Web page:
A letter to Hillary's superdelegates
As promised last week, I'm sending letters to Hillary Clinton's endorsers in Iowa, Maine, Nevada and Washington, urging them to insist that their candidate stop effectively disenfranchising their states' voters by making a "popular vote" argument that depends on pretending Iowa, Nevada, Maine and Washington never voted.
After the jump, I've copy & pasted one of the letters -- to DNC member, state senator, and congressional candidate Dina Titus of Nevada.
P.S. Also after the jump, a list of the people I've contacted, along with the e-mail address or URL I've used to contact them. If you have better contact info for any of these folks, or if you know of other Clinton endorsers in IA, NV, ME or WA that I should send my letter to, please let me know!
Rep. Leonard Boswell (IA) - Campaign@boswellforcongress.com
DNC Sandy Opstvedt (IA) - firstname.lastname@example.org
DNC Mike Gronstal (IA) - email@example.com
Gov. John Baldacci (ME) - firstname.lastname@example.org
Rep. Shelley Berkley (NV) - email@example.com
DNC Dina Titus (NV) - firstname.lastname@example.org, email@example.com
Sen. Patty Murray (WA) - http://murray.senate.gov/email/
Sen. Maria Cantwell (WA) - http://cantwell.senate.gov/contact/
Rep. Jay Inslee (WA) - http://www.house.gov/inslee/contact/email.html, http://www.jayinslee.com/index.php?page=contact
Former Speaker Tom Foley (WA) - firstname.lastname@example.org
DNC Ron Sims (WA) - email@example.com
Rep. Norm Dicks (WA) - firstname.lastname@example.org
Dear Senator Titus,
I am writing to ask your help in ensuring that the citizens of your state, the great state of Nevada, are not disenfranchised in the Democratic presidential nominating process.
In the wake of last Tuesday's West Virginia primary, Senator Clinton, whom you endorsed, has declared herself the "popular vote" leader in the national cumulutive tally. There's only one problem: her tally completely excludes the states of Iowa, Nevada, Maine and Washington.
As you may be aware, these states' caucuses did not officially report popular vote counts. This is because, of course, the nominee is not elected by "popular vote"; he or she is elected by delegates. Thus, there is no particular reason for caucuses to report popular votes, and your state is among those that have chosen not to do so.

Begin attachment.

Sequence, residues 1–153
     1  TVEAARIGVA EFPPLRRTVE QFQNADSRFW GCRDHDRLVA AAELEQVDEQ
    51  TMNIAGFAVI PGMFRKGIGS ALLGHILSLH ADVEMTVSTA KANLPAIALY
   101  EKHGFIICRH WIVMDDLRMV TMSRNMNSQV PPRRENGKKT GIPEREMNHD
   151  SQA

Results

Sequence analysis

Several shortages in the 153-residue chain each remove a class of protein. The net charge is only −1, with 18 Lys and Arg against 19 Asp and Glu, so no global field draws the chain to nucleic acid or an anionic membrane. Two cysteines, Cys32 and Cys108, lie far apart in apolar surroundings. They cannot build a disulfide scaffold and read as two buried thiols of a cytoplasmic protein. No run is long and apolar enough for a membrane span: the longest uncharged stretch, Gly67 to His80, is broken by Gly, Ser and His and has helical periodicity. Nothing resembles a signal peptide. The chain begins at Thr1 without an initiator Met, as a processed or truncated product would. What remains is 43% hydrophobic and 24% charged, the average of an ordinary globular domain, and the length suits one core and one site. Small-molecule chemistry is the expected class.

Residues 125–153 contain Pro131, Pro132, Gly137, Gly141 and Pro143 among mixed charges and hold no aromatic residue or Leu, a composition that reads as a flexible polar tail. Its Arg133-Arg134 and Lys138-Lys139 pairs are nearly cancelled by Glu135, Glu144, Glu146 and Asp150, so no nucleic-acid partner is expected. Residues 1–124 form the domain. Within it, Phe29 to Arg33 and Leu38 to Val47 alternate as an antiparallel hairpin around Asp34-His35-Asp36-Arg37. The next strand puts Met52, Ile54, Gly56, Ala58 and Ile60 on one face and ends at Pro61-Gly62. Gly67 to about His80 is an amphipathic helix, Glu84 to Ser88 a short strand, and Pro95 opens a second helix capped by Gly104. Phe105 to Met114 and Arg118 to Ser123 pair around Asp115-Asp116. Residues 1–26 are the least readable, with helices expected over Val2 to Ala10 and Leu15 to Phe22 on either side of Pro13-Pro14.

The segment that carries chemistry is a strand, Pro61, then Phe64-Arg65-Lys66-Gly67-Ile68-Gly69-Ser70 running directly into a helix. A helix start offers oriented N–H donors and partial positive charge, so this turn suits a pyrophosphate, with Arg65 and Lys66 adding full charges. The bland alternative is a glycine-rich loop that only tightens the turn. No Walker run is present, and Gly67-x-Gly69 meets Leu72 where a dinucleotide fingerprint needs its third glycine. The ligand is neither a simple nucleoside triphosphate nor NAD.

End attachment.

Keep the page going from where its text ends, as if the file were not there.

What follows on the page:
if one wishes to construct a national "popular vote" tally, as Senator
Clinton is doing, it is possible to estimate the Iowa, Nevada, Maine
and Washington tallies, using the candidates' delegate percentages and
the caucuses' reported turnouts. The website Real Clear Politics, for
instance, estimates that Senator Obama bested Senator Clinton by a
combined margin of 110,224 votes in these four states. (http://www.realclearpolitics
Yet Senator Clinton is not including any such estimate in her cumulative national tally. Instead, she is effectively pretending that the people of Iowa, Nevada, Maine and Washington never voted.
It is easy to see why Senator Clinton has chosen this course of action: Senator Obama's estimated margin in the four caucus states dwarfs Senator Clinton's purported "lead" of approximately 27,000 votes. If these states' tallies were counted, Senator Clinton would not be able to claim that she is ahead. She would instead trail by more than 80,000 votes.
Yet, although politically understandable, the senator's action is logically and ethically indefensible. The citizens of these states -- of your state -- did vote, and a tally that deliberately disenfranchises them is dishonest and fraudulent. And this is no mere technicality. With just four states and Puerto Rico still to vote, it is entirely possible that these four states could ultimately make the difference between "victory" and "defeat" for Senator Clinton in the national popular vote tally.
I understand that you support Senator Clinton, and I am not asking you to change your allegiance. However, as a representative of the state of Nevada, I urge you to insist that Senator Clinton refrain from disenfranchising your state's voters. If she is going to claim "victory" in the popular vote, she must do it in a way that respects the voters of ALL states that held indisputably legitimate, binding primaries and caucuses. She must include a reasonable estimate of the popular vote tallies from the Iowa, Nevada, Maine and Washington caucuses.
As an aside, I note a particular irony of this situation. As you might remember, Senator Clinton, along with all the other major candidates, signed a pledge to the citizens of Iowa, New Hampshire, Nevada and South Carolina. She, along with Senator Obama and the others, pledged to respect those "early states" by refraining from any campaign activity in the unauthorized Michigan and Florida primaries. "We believe Iowa, New Hampshire, Nevada and South Carolina play a unique and special role in the nominating process," Senator Clinton's campaign manager said in a statement at the time.
Yet now, Senator Clinton is arguing that Iowa and Nevada do not count -- while Michigan and Florida do. This is perverse, indefensible, and must not stand. I urge you to use your influence with the Clinton campaign to insist that they count the votes of Iowa, Nevada, Maine and Washington in any "popular vote" tally that their campaign uses.